The silence has been broken. What used to be done in the dark has been brought to light. Breast Ironing is loosing its potency as a silent killer. Women and girls are beginning to talk about it in churches, cultural women groups and schools. Gender danger has embarked on an extensive advocacy mission to end breast ironing in Cameroon. The incidence of Breast ironing in Cameroon is more than I ever imagined. It has left me to think that 1 out every 2 Cameroonian girl has experienced breast ironing. The campaign kicked off in the North West Region of the country about six months ago. For over two months now as we move from one group to another, almost everybody identifies with the practice. Even pupils in Primary School identify with it. Our first stop was at Christian Women Fellowship (CWF) Ntamulung, Bamenda; A women’s association within the Presbyterian Church in Cameroon. At the mention of breast ironing, every woman knew what it was all about. Some confessed that they have been victims and also perpetrators. Interestingly, women did not know that this practice was harmful. To them, they are merely keeping their daughters out of the eyes of sex predators. Not knowing that it is even better for this children to be sexually attractive now, than sexually unresponsive in future. While at CWF Ntamulung, the medical personnel in our team disclosed the health risks of breast ironing, and behold, mothers wept at their ignorance. They could not imagine that what they see as mere help can adversely affect the lives of their daughters. Some women started telling their stories; • Some say since they ironed their daughters’ breasts years ago, it has refused to grow again • Some say that their daughters’ breast has grown extraordinarily big after the ironing • Some say that their daughters’ breasts have grown in an unimaginable way; one very big and one very small; one growing naturally and the other developing a hole in the middle; some growing in a shrinking manner. The revelations were enormous. I could not help but weep when these women continued to reveal what they have been doing to their daughters and what they have passed through as victims of this painful and traumatizing act. Our next stop was at CWF Musang - Bamenda. It is another women’s group of the Presbyterian Church in Cameroon. At CWF Musang meeting, I cried more than anyone else. In the course of the lectures the women started dishing out the different methods they use in ironing their daughters’ breasts. • Use of grinding stone that they have heated on fire • The use of hot banana • The use of hot broken clay pot • The use of herbs • The use of hot cutlasses And then as one woman mentioned that there is a method where the girl is sent under the bed, and then a hot mortar pestle is used to pound the breast from outside the bed by the mother, this lady left her seat running in the front part of the hall shouting: “That is me ooo, that is me ooo, that is me when I was a girl ooo, that is what they did to me ooo.” She fell on the ground and cried the hell out of her. Her name is Beatrice. She then explained her story. She says when her breasts were ironed, it later reshoot and grew extraordinarily big. As her breasts were growing, she learnt to bend her back so as to cover up the big breasts that developed. She never stopped wearing big pullovers just to cover up the breasts. She said she became the center of attraction in her community and unfortunately for her she was nicknamed “Bea Bend Back.” Up till date, some people still call her “Bea bend back.” Mme. Bea revealed that, she has never been comfortable in her body, and this has affected her sexual life. She says she doesn’t respond to sex through breast fondling. To her, her breasts are not a part in the game of sex or foreplay. Mme. Beatrice says that it is the worse experience that she has lived to experience her whole life. As Beatrice was telling her story, every other person was in pain, some were crying. Beatrice herself felt a bit relieved in the end just for the mere fact that she has finally told her story. The next group we went to was CWF Ntaghem. Here the story was no different from the other groups. Women cried at the health risks involved in breast ironing. Some said they were victims and others said they were perpetrators. We then moved on to a traditional group, the Bali Women’s meeting. The women here reacted like the women of the other groups. One of our last stop so far was at a primary school in Bamenda. At Government Bilingual Primary School GMI Group 1, the children were amazing. More than 90% of the pupils revealed they know about the practice. One of the pupils explained how her breasts were ironed using a grinding stone. Many others said they have witnessed it being done either to their sisters, or to other girls in their community. Teachers testified as victims and as perpetrators. The pupils of this school were taught how to resist breast ironing. They were told to tell their mothers that they should not iron their breasts, no matter what. These children carried placards and sang songs denouncing breast ironing in the campus. They saw genuine reasons to stand against breast ironing. On my way home when I left the campus of the primary school, I decided to have a random interview with one lady I met on my way to the market (Food Market, Bamenda), where I stopped to pick a few things. Her name is Geneva Ikome. I asked her whether her breasts were ironed or whether she has ever ironed her daughter’s breasts. She laughed and told me she is a victim of breast ironing and a perpetrator too. I was curious, I asked her how many daughters she has and how many of them whose breast she has ironed. She continued laughing, and said she has no daughter. The most obvious question came to mind again “have you been ironing the breasts of other girls in your community?” I asked her. Paradoxically, she said no. I became even more confused. “Madam, how are you a victim and a perpetrator?” I asked her again. “I ironed my own breasts when I was in primary school,” she answered. Wao! I couldn’t stop but ask why she did that. She told me that when she was in primary school, they had a fellow pupil who had very big breasts. Boys in the school were always laughing at that girl and abusing her that “big bobby” (meaning big breasts) in school. So, as girls, she and her five friends went home to her mother’s kitchen one day, they took a grinding stone and heated on fire, and one after the other, the ironed their breasts. “Behold, our breasts disappeared,” she told me. Before I could engage in a discussion on the dangers of breast ironing, Geneva told me that she knows how damaging that practice is and she will not dare to do it on any of her girls. I was glad to hear that. Now, I travelled to visit my best friend. Together we are Masters Student of the Department of Women and Gender Studies in the University of Buea Cameroon. When I arrived, one of our first discussions was on breast ironing. I started telling her about the breast ironing campaign going on in the North West Region of Cameroon by Chi Yvonne Leina. I told her about how she too needed to become an advocate against breast ironing in her own little way. All the while as I spoke, she had her head buried to her plate of rice. I asked her why she wasn’t responding to all that I was saying. “Nakinti, do you know that I ironed my daughter’s breast when she was in primary 5,” she said crying. She told me her daughter was developing into a woman too early and she taught it was wise for her to stop it somehow. So she went ahead to iron her breasts and the breasts disappeared. Today, her daughter is just 16 but having very big breasts. “You just made me to understand why my daughter’s breasts have grown to be extraordinarily big,” she says. “May God forgive me for doing that to my daughter.” My friend told me she spends most of her time looking for the strongest breast wears for her daughter in the market. That is because her daughter herself feels uncomfortable about her own breasts. Sometimes, her daughter puts on 2 breast wears just in a bid to hide the size of her breasts. She feels bad that such a thing is happening to her daughter and her. The campaign against breast ironing has entered another gear now. On the 6th of December 2012, Gender Danger is organizing a breast ironing workshop to train women who will become community actors/advocates against breast ironing. This campaign is done in partnership with the Regional Delegation of Women’s Empowerment and the Family North West. It is going to train about 40 community actors. Such capacity building workshops will be done in different regions of Cameroon in a bid to fight this practice.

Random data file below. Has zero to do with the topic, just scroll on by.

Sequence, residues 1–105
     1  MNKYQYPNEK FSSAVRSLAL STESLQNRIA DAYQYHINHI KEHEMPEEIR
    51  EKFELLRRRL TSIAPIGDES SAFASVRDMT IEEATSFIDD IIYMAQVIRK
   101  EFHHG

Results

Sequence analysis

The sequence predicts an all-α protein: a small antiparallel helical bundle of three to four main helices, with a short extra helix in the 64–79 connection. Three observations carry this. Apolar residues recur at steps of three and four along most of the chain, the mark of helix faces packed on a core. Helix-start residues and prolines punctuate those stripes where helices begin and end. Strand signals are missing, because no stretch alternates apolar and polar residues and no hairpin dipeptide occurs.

Speaking with Chi Yvonne the initiator of Gender Danger who is so passionate about this work, she says "Gender Danger is also planning to initiate a media campaign and free screening and treatment of breast related diseases in hot spots of breast ironing .Also we are planning a sensitization march against breast ironing early next year.We are also looking for financial support to help intensify the work.My heart cry is for the restoration of the self esteem of these young girls and women.Mothers should begin talking to their daughters about sex and not destroying their bodies".